U.S. Army Garrison Wiesbaden commander addresses workforce response to climate survey

WIESBADEN, Germany – From his office, Col. Mario Washington, U.S. Army Garrison Wiesbaden commander, answers questions about the COVID-19 vaccination rollout at the virtual workforce engagement meeting Jan. 22, 2021.

Col. Mario Washington, U.S. Army Garrison Wiesbaden commander, hosted a virtual workforce engagement meeting to review the garrison’s climate survey and answer community questions Jan. 22, 2021.

The one-hour meeting alternated between Col. Washington and German translators, making the meeting accessible to both the English and the German-speaking workforce. At the opening, he said, “I appreciate what everyone does every day; it does not go unnoticed. I am constantly impressed by the competency and thoughtfulness of this organization and how we put the community first.”

Washington reviewed the ten-question workforce climate survey with a series of shared slides. According to the results, the highest satisfaction response regarded seeking assistance for emotional support.

“Generally speaking, as with most large organizations,” Washington said, “the biggest issue was with communications flow; communication did not flow freely from senior leadership to all levels of the organization.” He also indicated there were gaps in counseling and developmental opportunities according to survey results.

“Military generally rated higher across all questions than the civilians,” he said. NAF and local national employees were the least satisfied for all areas of inquiry.

“The bottom line is, we have work to do,” he said at the conclusion of the workforce climate survey slides.

Washington outlined several initiatives underway to address the survey results. Command information strategies will make sure information gets distributed from the highest to the lowest levels of the organization. “It is important for everyone to understand why we are doing what we are doing,” he said.

“We just brought on board a workforce development chief with a focus being initially on local nations to make sure we pay attention to their development and their developmental opportunities, not just NAF and appropriated funds,” he said.

The garrison is also developing a workforce leaders’ focused summit according to Washington.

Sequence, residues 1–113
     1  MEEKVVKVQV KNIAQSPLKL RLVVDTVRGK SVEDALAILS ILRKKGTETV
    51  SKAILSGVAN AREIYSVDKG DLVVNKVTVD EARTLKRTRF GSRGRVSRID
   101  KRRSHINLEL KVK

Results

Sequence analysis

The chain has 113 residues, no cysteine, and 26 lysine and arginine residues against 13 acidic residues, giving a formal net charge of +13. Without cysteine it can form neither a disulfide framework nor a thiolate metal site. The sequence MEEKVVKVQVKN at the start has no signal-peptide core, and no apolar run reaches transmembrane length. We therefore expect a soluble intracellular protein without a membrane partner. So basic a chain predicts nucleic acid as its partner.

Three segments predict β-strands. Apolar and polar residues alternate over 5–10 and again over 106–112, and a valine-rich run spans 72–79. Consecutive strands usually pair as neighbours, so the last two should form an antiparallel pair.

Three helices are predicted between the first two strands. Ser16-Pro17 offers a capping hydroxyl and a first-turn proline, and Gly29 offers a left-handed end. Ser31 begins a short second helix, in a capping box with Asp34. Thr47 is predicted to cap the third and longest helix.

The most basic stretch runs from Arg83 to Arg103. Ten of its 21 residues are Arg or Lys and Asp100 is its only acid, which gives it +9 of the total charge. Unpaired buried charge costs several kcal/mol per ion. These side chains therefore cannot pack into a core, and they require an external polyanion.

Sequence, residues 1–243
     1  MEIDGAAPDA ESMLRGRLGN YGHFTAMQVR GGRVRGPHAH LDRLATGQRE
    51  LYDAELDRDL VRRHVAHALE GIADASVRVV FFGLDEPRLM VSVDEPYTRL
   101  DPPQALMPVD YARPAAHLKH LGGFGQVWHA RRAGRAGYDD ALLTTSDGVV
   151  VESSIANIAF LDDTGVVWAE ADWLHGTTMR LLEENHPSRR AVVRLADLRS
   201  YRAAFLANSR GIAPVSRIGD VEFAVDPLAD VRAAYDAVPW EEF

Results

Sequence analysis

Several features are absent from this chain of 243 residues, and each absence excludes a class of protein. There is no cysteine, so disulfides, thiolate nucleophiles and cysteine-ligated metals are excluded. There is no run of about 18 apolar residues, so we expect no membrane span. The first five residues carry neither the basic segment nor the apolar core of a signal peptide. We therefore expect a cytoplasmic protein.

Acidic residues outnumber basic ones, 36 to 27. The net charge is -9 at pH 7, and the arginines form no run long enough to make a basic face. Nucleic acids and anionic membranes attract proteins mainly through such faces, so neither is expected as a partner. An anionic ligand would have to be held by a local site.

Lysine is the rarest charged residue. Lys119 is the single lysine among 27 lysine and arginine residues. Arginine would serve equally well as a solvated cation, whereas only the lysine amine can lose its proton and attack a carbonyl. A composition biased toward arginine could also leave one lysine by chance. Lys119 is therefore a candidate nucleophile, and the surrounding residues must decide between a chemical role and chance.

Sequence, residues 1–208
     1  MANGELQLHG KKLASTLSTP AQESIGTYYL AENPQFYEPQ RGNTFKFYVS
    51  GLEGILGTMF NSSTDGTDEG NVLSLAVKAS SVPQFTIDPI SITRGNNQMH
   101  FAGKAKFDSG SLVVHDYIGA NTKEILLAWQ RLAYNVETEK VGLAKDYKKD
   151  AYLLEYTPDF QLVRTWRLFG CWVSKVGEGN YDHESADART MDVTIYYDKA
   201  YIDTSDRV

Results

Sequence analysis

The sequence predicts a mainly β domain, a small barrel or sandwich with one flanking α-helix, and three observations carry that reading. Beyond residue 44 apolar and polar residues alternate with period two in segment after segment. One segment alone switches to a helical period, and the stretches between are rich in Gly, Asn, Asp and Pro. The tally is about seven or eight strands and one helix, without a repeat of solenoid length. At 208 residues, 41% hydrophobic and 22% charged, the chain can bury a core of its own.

Washington went on to elaborate on his continued call for dignity and respect across the organization, even when situations are challenging. “It’s easy when it’s easy; impress me when it is hard,” he said.

“For me dignity and respect are not negotiable,” he stated. He said employees are accountable to standards; however, he said, employees who fall short of expectations can be treated with dignity and respect as they meet out the consequences of their shortcomings. “We can let them know they didn’t meet the standard with respect and dignity,” Washington said.

“If you have one take away, I would ask that you treat everyone you encounter with dignity and respect,” he said. “And, if you do not feel comfortable in your environment with your first-line supervisor or director, then please utilize our open-door policy.”

“I did read every question and every answer and talked with leadership and the community so we could take the feedback and make this organization better,” Washington said. “I appreciate everyone who took time out of their schedules to answer these questions because it is very important.”

Washington also discussed the COVID-19 vaccine and answered audience questions before concluding the session.

Approximately 200 people attended the virtual meeting. Many, including Martine Noble, a local national translating assistant, expressed gratitude for the commander’s time. She posted on the virtual chat, “We should do this more often.”